Most salient to this discussion, which also includes the remarks made by Fred, re: prevenient grace, etc., are dealt with in these two sections of the Rejections:

[color:"red"]Rejection 4[/color]


That the unregenerate man is not really nor utterly dead in sin, nor destitute of all powers unto spiritual good, but that he can yet hunger and thirst after righteousness and life, and offer the sacrifice of a contrite and broken spirit, which is pleasing to God. For these are contrary to the express testimony of Scripture. "Who were dead in trespasses and sins"; "Even when we were dead in sins" (Eph. 2:1, 5); and: "every imagination of the thoughts of his heart was only evil continually" (Gen. 6:5); "for the imagination of man's heart is evil from his youth" (Gen. 8:21). Moreover, to hunger and thirst after deliverance from misery, and after life, and to offer unto God the sacrifice of a broken spirit, is peculiar to the regenerate and those that are called blessed. "Create in me a clean heart, O God; and renew a right spirit within me"; "Then shalt Thou be pleased with the sacrifices of righteousness, with burnt offering and whole burnt offering: then shall they offer bullocks upon Thine altar" (Ps. 51:10, 19); "Blessed are they which do hunger and thirst after righteousness: for they shall be filled" (Matt. 5:6).

[color:"red"]Rejection 5[/color]


That the corrupt and natural man can so well use the common grace (by which they understand the light of nature), or the gifts still left him after the fall, that he can gradually gain by their good use a greater, namely, the evangelical or saving grace and salvation itself. And that in this way God on His part shows Himself ready to reveal Christ unto all men, since He applies to all sufficiently and efficiently the means necessary to conversion. For the experience of all ages and the Scriptures do both testify that this is untrue. "He sheweth His word unto Jacob, His statutes and His judgments unto Israel. He hath not dealt so with any nation: and as for His judgments, they have not known them" (Ps. 147:19, 20). "Who in times past suffered all nations to walk in their own ways" (Acts 14:16). And: "Now when they (Paul and his companions) had gone throughout Phrygia and the region of Galatia, and were forbidden of the Holy Ghost to preach the word in Asia, after they were come to Mysia, they assayed to go into Bithynia: but the Spirit suffered them not" (Acts 16:6, 7).



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Re: Wesley on Arminianism #13781
Thu Apr 15, 2004 1:21 PM
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That is the way I understand it and attempted to demonstrate in my example...


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Re: Wesley on Arminianism [Re: J_Edwards] #13782
Thu Apr 15, 2004 1:30 PM
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Yep. I was just adding the faculty of the soul that Wesleyans deny to be fallen.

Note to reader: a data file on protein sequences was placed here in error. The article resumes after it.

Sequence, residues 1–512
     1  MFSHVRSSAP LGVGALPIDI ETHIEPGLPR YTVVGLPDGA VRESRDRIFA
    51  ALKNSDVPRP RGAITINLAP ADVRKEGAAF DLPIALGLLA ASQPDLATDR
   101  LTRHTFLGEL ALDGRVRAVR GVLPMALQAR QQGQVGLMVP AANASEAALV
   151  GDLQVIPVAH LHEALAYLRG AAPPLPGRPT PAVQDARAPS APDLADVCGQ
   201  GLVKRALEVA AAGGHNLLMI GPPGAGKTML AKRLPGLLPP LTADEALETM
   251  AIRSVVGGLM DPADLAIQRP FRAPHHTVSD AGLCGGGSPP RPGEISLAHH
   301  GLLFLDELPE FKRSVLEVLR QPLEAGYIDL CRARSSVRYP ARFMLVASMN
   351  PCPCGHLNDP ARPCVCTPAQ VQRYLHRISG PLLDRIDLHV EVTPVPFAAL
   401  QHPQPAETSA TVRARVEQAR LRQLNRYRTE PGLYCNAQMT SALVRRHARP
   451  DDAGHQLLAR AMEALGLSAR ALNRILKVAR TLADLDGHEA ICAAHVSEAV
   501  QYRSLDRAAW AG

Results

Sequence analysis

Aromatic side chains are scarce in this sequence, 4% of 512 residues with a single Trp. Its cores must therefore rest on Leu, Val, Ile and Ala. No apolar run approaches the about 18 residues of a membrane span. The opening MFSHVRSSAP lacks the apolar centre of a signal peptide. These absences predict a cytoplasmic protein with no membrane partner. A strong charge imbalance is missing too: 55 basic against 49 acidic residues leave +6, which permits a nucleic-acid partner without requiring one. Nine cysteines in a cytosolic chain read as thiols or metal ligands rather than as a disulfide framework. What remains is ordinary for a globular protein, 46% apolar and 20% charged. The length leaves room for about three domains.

Re: Wesley on Arminianism [Re: Pilgrim] #13783
Thu Apr 15, 2004 2:04 PM
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Would I be correct to say then that Wesley is wrong when he said that Arminians like him believed in 'original sin' in the same manner that people like Whitefield did?

If so, then that point is still valid, despite his claim other wise.

Tom

Re: Wesley on Arminianism [Re: Tom] #13784
Thu Apr 15, 2004 2:48 PM
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Tom said:
Pilgrim

Would I be correct to say then that Wesley is wrong when he said that Arminians like him believed in 'original sin' in the same manner that people like Whitefield did?

If so, then that point is still valid, despite his claim other wise.

Tom

What I tried to do Tom, was point out that the original formulation of the Arminians as to the doctrine of Original Sin; i.e., the noetic effects of the Fall are contrary to the Scriptures and they were at variance with the doctrine as held by nearly all of the churches which came out of the Protestant Reformation. I also said that what remains to be proven is if Wesley was in agreement with the Remonstrance in regard to this doctrine or if he held to something other. What is true, is that Wesley's theological system was logically inconsistent IF he held to the doctrine of Original Sin as it is set forth by the "Canons of Dordtrect". For he adamantly denied the doctrine of sovereign predestination and election.

Now, if he held to the biblical doctrine of Original Sin, then of necessity, one MUST hold to Unconditional Election. For there would be no other possible way that man could even have an interest in Christ apart from regeneration, never mind salvation. <img src="/forum/images/graemlins/wink.gif" alt="" />

So, why don't you find some valid statements made by Wesley that speak directly to his views on Original Sin and then we will be able to judge whether his doctrine was the same as held by Whitefield. <img src="/forum/images/graemlins/grin.gif" alt="" />

You have at your disposal a little thing called [Linked Image] . And should you avail yourself of it, surely you can find what you are looking for.

In His Grace,